I like to think that it keeps her dark side under control, but who knows when she'll turn up with a .22 rifle and pepper me with rounds? For the moment I sit her in front of Dukz when she gets that shifty look - and we've been okay so far.

This is a good old target game.. and you haven't got a dodgy bloke on a stall charging you £3.50 a go, with a rifle that doesn't shoot straight. Satisfying and quite funny.


Thursday, February 16, 2006

angels and demons

Bumpy, blistered and smelly, we squeezed into the tent.

The wind howled outside and the sides of the tent lifted violently. Outside the river raged and roared. We lay still, petrified we were going to be blown away or drowned… or worse, blown away and then drowned.

Naomi suggested we pray.
The rest of us froze… terrified. Trapped in a tent in the middle of bloody nowhere with someone who wanted to pray to angels.
Thus a major flaw in our research came to light. We hadn’t screened for Mormons.

Coincidently we somehow ‘simultaneously’ all fell asleep right that second. A miracle, indeed.

The morning arrived, brisk and blowy and lifting its skirts, flashing a bit of ankle. The sun blinked blearily as we scrambled across some scree and somewhere below, an old man walking his dog got nutted by a rolling rock.

Our trek was due to end some time soon, but not without first allowing me to plonk my face neatly into the carcass of a dead sheep.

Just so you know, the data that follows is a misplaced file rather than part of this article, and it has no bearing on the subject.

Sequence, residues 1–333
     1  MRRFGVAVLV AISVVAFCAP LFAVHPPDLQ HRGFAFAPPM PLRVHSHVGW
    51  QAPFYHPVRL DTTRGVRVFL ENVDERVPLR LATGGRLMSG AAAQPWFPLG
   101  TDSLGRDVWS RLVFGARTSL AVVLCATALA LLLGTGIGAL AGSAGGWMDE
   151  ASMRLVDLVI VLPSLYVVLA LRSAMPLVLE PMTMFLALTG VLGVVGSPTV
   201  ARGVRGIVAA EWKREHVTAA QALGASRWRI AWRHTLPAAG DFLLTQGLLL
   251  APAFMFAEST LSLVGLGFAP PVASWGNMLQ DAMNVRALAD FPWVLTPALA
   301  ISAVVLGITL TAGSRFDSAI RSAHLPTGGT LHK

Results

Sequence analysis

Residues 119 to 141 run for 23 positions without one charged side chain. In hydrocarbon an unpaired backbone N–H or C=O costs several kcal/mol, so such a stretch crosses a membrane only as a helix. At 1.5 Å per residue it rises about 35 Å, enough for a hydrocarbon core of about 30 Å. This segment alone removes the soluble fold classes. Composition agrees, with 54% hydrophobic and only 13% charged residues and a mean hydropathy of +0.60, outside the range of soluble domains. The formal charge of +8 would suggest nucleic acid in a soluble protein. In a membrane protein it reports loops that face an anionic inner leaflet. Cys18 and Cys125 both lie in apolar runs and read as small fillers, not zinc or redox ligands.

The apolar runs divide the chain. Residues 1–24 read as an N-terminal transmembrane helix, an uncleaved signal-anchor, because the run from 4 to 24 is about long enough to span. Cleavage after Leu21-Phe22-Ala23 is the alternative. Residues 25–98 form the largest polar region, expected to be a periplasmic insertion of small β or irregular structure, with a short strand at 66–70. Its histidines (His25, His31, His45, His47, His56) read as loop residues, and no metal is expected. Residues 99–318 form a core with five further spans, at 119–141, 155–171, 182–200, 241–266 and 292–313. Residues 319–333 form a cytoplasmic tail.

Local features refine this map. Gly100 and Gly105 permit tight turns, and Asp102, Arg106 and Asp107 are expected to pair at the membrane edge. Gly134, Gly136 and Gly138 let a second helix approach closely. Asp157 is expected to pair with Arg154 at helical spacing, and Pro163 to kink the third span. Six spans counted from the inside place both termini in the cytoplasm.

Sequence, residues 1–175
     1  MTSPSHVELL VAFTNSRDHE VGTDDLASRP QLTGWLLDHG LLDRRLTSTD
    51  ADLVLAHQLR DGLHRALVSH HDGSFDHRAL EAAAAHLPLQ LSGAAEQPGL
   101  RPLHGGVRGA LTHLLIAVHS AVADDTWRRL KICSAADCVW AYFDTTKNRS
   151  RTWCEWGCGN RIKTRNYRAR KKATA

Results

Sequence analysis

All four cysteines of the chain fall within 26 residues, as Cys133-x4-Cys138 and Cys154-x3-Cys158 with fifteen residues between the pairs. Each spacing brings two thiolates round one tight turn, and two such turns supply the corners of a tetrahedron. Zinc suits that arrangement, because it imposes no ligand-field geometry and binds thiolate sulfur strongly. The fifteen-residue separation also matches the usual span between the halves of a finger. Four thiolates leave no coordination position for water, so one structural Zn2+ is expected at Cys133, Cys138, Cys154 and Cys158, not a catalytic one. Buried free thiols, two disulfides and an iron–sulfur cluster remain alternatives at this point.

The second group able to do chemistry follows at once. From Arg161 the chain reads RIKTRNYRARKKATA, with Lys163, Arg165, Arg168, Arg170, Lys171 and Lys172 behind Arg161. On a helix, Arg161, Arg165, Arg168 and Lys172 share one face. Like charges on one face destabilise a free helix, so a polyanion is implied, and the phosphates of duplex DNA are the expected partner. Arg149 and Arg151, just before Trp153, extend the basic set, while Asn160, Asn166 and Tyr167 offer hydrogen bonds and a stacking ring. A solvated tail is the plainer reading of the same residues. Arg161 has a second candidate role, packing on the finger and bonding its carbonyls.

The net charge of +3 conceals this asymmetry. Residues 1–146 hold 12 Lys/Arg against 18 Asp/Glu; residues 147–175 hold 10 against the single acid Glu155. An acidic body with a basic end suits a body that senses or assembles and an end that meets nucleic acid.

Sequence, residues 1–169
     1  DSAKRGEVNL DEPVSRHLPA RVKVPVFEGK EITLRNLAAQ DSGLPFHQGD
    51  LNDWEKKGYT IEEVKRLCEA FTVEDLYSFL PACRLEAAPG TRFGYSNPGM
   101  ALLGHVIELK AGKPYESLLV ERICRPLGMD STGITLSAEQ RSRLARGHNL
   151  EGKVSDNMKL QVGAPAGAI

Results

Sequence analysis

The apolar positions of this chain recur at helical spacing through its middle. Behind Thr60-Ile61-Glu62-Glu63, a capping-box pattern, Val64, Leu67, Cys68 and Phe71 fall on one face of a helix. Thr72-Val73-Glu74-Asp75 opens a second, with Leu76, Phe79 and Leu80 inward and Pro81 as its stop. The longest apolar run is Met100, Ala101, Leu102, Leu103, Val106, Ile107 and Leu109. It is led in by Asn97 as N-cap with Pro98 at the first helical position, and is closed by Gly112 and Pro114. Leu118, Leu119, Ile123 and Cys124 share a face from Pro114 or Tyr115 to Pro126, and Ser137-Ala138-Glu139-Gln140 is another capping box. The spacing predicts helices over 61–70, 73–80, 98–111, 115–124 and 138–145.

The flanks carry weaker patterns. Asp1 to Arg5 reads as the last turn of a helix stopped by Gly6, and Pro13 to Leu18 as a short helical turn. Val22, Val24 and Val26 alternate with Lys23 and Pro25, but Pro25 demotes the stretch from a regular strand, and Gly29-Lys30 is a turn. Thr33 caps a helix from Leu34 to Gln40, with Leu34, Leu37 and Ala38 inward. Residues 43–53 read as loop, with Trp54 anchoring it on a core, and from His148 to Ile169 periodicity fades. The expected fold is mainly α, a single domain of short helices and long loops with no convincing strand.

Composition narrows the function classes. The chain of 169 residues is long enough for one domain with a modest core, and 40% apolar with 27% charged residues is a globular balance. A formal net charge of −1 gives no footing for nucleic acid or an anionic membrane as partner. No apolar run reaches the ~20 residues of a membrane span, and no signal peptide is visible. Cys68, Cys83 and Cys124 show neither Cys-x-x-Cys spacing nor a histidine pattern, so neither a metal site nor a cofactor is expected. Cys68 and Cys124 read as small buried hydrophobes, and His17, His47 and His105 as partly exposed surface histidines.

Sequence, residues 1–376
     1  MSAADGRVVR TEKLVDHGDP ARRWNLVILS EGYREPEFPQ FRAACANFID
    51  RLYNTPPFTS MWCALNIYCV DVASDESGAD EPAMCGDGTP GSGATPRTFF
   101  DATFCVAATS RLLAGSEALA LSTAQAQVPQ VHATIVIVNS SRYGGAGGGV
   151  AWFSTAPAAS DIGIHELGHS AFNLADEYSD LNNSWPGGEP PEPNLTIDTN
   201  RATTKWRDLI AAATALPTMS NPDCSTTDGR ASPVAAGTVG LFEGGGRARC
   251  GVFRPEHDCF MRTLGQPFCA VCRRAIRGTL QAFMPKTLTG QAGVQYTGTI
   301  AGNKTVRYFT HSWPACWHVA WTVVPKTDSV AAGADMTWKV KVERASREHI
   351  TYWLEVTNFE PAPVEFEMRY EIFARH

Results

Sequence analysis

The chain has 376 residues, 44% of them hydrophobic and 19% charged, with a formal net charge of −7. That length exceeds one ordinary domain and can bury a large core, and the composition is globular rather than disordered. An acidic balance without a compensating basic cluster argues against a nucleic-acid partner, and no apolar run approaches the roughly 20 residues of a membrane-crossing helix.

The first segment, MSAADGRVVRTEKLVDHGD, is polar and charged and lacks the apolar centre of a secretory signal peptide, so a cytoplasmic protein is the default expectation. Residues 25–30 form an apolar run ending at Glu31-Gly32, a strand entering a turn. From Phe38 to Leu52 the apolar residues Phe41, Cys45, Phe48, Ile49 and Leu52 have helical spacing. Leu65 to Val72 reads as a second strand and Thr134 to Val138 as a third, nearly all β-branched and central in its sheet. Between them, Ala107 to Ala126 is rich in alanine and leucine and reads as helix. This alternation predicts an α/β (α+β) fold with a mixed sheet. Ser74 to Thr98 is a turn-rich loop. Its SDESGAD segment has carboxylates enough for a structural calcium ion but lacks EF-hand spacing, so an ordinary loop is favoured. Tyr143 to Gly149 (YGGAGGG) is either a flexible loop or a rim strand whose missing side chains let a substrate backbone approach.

It’s not something I’ve always wanted to do, let me make that clear. In fact if I had thought of it beforehand, it would be high up on the list of things that I would choose not to do. But I didn’t, so I hadn’t.

We slithered and slipped across a particularly slithery, slippy stretch of scree… and by now, under the weight of our waterlogged rucksacks and our leaden legs, we resembled a group of comedy rambling junkies. If there had been walls, we would have been bouncing off them.

Lurching forward as a cheeky bit of rock disappeared southbound from under my feet, I astonished, noticed a woolly corpse rushing upwards to cushion my fall.
I landed in perfect face-down-ness in its busily buzzing, rotting side.

Bronze bloody medal, my arse. I deserved a knighthood.

The Duke of Edinburgh wasn’t there to cheer us in as we arrived back, finally at our finishing point. I hold him personally responsible for my experiences and I still bear a grudge to this day.
If you see him, be sure to give him a sound beating for me.


Wednesday, February 15, 2006

the torture continued..

Trying very hard not to say ‘I told you so’ I stomped off in front, no longer caring if the other girls followed me or not.

Bollox to the lot of them.

Quiet, they followed.
We climbed back up the now-familiar slope and staggered wetter, miserabler and 5 hours later, back onto the mountainside.

Dusk threatened as we plodded gloomily through cloud and mist.
So much for D of E being character-building – I swore to myself that I would never do anything community-spirited again in my life. The Duke of Edinburgh himself could beg me on bended knees… those old ladies can find their own bloody way across the bloody roads.

HairyTim was understandably getting worried. His moustache wobbled a lot and he did some angry-looking pointing at his watch. I wondered if the RAF was on standby to begin a Search and Rescue operation... and just then, a helicopter rattled by, just beyond our line of sight.
We mumbled a few excuses and rushed off in search of our campsite.

It was a field. Next to a farm. Next to a river. Full off cow-shit. (The field, not the river.)

After much grappling and swearing at the tent, we eventually got it up.
It was one of those ridge tents that they had before they invented the terms ‘light-weight’ or 'waterproof'.